Trump’s Responsibility for Capitol Insurrection

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The state’s principal buildings have a special meaning not just as architectural structures but as symbols of the government and its power. For the American citizens, the Capitol represents the legislative branch of the government. The Insurrection of the Capitol has become a tragic and unprecedented event in the United States’ history. Supporters of the former President decided to invade the Capitol and take control of the building as a way to protest against the results of the elections. The security, which was understaffed and unprepared, could not halt the insurgence. As a result, five people died, and several others received injuries. Some believe that Trump’s claims about the elections and his commitment to spreading information about him winning the presidency have led to this tragedy. Trump is responsible for the Insurrection of the Capitol on January 6 because he directly incited his supporters with claims that the results of the presidential elections are false.

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Encouraging Insurrection

Politicians have to be mindful of what information they communicate to their supporters. According to Levine, Trump is responsible for the events since he repeatedly claimed that the elections were falsified, which might have had an effect on his supporters. It is not surprising that many voters who wanted Trump to win only relied on his opinion about the fairness of this election. Levine also cited numerous attempts by Trump and his team to claim that elections were falsified in courts and to find other ways of discriminating the results. These actions continued to affect the supporters of the former President further, giving credibility to his claims. Considering the amount of effort that this former President has put into declaring the elections’ results false and the efforts of his team members, his supporters were led to believe that the results of the Presidential elections were falsified. Some of these supporters would not want to examine the available information critically to assess all facts in fear that publications and government agencies try to discredit Trump. In that case, since Trump is responsible for spreading misinformation, he should also be responsible for the consequences of his actions.

Trump’s claims about the elections were not sudden since he has spread information about the potential falsifications before the election as well. According to Levine, “for months, President Trump had been stoking his supporters with claims that the presidential election in November was rigged and victory stolen from him.” Hence, his actions were calculated and targeted a specific aim, which was to prepare the former President’s supporters for actions against the new President. Trump has been preparing his followers for a protest for a prolonged time, which makes him responsible for the latter taking action.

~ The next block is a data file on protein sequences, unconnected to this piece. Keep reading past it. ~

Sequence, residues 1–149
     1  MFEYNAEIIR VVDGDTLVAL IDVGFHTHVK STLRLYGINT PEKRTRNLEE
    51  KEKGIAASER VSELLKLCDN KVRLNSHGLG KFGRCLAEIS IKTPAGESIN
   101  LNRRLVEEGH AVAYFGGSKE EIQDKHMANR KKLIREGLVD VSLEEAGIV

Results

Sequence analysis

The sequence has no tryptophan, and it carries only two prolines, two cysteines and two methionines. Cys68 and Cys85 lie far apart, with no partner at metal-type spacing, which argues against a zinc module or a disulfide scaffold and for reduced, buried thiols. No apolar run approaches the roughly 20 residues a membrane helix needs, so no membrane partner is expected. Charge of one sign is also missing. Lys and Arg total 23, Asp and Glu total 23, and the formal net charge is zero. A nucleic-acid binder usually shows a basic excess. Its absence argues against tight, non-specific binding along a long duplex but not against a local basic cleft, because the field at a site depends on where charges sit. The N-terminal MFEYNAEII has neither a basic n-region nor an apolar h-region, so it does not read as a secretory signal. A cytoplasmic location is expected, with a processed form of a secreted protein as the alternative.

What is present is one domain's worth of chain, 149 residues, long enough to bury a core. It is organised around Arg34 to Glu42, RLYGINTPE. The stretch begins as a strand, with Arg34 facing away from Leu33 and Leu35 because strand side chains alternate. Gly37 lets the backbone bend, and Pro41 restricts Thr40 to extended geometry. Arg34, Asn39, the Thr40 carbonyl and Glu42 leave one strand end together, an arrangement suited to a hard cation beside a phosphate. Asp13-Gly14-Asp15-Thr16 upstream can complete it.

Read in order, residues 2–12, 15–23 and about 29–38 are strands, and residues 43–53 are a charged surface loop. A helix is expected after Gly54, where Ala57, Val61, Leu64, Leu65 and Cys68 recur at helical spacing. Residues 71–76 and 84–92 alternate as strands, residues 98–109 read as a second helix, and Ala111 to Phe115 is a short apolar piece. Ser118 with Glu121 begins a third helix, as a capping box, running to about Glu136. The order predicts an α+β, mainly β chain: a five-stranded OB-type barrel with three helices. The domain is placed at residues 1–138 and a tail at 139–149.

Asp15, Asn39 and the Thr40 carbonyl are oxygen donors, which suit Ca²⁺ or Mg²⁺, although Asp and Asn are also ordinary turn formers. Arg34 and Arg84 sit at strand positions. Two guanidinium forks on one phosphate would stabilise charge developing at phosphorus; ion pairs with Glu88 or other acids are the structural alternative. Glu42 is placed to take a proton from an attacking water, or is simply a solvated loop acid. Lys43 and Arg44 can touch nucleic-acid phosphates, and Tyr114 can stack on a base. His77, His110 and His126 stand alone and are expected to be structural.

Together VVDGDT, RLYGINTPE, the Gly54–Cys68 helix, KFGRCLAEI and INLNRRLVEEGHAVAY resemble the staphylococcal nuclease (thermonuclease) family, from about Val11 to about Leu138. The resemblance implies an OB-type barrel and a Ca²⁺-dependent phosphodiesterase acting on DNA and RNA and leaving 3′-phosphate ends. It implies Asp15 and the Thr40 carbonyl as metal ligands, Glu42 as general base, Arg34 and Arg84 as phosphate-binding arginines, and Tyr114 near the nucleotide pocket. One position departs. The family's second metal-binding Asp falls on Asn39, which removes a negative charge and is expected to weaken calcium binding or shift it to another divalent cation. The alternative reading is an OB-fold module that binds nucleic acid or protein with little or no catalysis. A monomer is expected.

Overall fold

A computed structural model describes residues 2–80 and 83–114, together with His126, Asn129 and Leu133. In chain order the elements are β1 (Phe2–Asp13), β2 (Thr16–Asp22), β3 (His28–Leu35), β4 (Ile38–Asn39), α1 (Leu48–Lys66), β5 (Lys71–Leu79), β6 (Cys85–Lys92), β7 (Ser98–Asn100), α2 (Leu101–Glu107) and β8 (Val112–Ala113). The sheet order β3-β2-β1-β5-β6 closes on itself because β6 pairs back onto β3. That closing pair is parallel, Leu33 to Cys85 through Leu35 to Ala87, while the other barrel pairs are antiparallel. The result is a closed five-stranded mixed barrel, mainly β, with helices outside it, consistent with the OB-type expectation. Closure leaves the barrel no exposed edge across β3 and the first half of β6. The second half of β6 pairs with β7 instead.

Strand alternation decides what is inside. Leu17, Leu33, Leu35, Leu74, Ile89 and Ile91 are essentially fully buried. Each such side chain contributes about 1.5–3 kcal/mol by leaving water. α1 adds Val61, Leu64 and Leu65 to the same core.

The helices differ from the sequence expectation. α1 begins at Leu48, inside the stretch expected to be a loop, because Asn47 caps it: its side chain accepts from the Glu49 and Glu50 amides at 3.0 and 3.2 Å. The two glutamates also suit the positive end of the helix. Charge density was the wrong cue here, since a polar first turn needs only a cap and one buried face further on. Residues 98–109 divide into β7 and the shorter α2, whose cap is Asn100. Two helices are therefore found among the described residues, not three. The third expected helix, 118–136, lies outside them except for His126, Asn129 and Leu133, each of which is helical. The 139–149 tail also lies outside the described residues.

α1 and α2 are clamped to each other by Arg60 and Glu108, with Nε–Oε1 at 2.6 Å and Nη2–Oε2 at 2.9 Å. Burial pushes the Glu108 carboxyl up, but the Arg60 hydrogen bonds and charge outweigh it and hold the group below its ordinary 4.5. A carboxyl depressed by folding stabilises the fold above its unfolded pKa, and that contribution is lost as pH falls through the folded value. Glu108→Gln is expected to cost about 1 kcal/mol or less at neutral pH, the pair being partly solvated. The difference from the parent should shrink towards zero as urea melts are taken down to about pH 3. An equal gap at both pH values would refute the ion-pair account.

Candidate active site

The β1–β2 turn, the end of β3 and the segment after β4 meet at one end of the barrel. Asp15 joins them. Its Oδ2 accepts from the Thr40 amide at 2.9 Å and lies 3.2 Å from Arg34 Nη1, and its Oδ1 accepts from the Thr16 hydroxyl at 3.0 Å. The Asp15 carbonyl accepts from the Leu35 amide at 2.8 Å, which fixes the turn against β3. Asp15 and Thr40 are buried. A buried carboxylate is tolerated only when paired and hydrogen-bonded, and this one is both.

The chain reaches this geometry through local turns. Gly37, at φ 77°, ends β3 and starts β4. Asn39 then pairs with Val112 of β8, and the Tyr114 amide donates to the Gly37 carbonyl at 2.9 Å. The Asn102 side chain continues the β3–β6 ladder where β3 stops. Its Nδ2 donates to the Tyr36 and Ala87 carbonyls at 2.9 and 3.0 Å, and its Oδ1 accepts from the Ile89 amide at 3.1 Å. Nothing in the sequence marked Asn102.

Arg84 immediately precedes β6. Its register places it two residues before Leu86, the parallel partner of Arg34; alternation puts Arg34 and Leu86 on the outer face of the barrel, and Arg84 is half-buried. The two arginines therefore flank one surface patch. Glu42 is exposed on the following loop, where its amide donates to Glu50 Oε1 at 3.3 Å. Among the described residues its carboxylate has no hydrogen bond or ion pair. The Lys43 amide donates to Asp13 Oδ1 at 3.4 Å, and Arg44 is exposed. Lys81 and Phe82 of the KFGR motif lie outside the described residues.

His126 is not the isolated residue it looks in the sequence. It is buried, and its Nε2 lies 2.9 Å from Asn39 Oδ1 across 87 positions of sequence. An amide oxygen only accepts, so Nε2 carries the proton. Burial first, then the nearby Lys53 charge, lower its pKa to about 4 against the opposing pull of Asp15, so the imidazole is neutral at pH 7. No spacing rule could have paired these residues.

Trump directly asked his supporters to go to the Capitol. In a publication titled “PHOTOS: The Trump Insurrection Of 2021,” the author writes, “Trump encouraged supporters to march to the Capitol and demonstrate against the certification of Biden’s electoral victory” (Conception). Hence, the author believes that the former President is responsible for encouraging the crowd to visit the Capitol, which initiated the subsequent chaos and violence. Although an encouragement to march in a protest does not imply violence and behaviors that may cause harm to others, participation in such actions, especially if they are not officially organized, may result in violence. In this case, Trump only incentivized people to go to the Capital and did not provide them with structure or instructions on how to behave, nor did he come to the meeting himself. Arguably, this resulted in the participants taking control of the process and making decisions on their own. Therefore, as Conception writes, Trump asked people to protest but did not come to support and guide them, which made the event chaotic. This lack of regard for the protesters allows placing some blame on Trump for providing an incentive but not ensuring that the process would be peaceful.

During these events, Trump still held a position in the United States government and could have prevented the insurgence or ensured that the protestors are peaceful by requesting police or military support. Freid discusses the issue of the Capitol insurrection by citing the vast availability of misinformation and the lack of actions from the government to address this problem.

Counterarguments

Another issue is that nongovernmental organizations took steps to prevent this former President from posting misinformation online, while government officials did not take any action. Tech companies, on the other hand, such as Twitter, decided to ban former President Trump from their platform after the violent events at the Capitol (Freid). From this perspective, Trump is not the only person responsible for this violence since numerous government agencies and officials did not help prevent the tragic consequences of the insurgence. Other government officials, especially those working in police, military, and intelligence agencies, could have impacted the events. However, Freid argues that the insurance revealed an issue that officials did not know before, which is the inadequate funding of the Capitol’s police and their lack of resources. Still, this revelation supports the argument that some government officials failed to perform their duty and protect the Capitol.